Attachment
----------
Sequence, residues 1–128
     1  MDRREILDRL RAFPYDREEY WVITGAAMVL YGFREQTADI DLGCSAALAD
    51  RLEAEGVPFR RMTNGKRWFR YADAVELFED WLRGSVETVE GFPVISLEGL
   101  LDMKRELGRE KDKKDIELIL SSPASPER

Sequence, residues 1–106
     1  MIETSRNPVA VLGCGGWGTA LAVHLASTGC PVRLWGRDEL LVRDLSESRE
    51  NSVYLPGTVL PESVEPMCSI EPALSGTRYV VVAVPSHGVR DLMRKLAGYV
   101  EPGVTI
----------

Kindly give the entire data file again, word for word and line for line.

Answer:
Sequence, residues 1–128
     1  MDRREILDRL RAFPYDREEY WVITGAAMVL YGFREQTADI DLGCSAALAD
    51  RLEAEGVPFR RMTNGKRWFR YADAVELFED WLRGSVETVE GFPVISLEGL
   101  LDMKRELGRE KDKKDIELIL SSPASPER

Sequence, residues 1–106
     1  MIETSRNPVA VLGCGGWGTA LAVHLASTGC PVRLWGRDEL LVRDLSESRE
    51  NSVYLPGTVL PESVEPMCSI EPALSGTRYV VVAVPSHGVR DLMRKLAGYV
   101  EPGVTI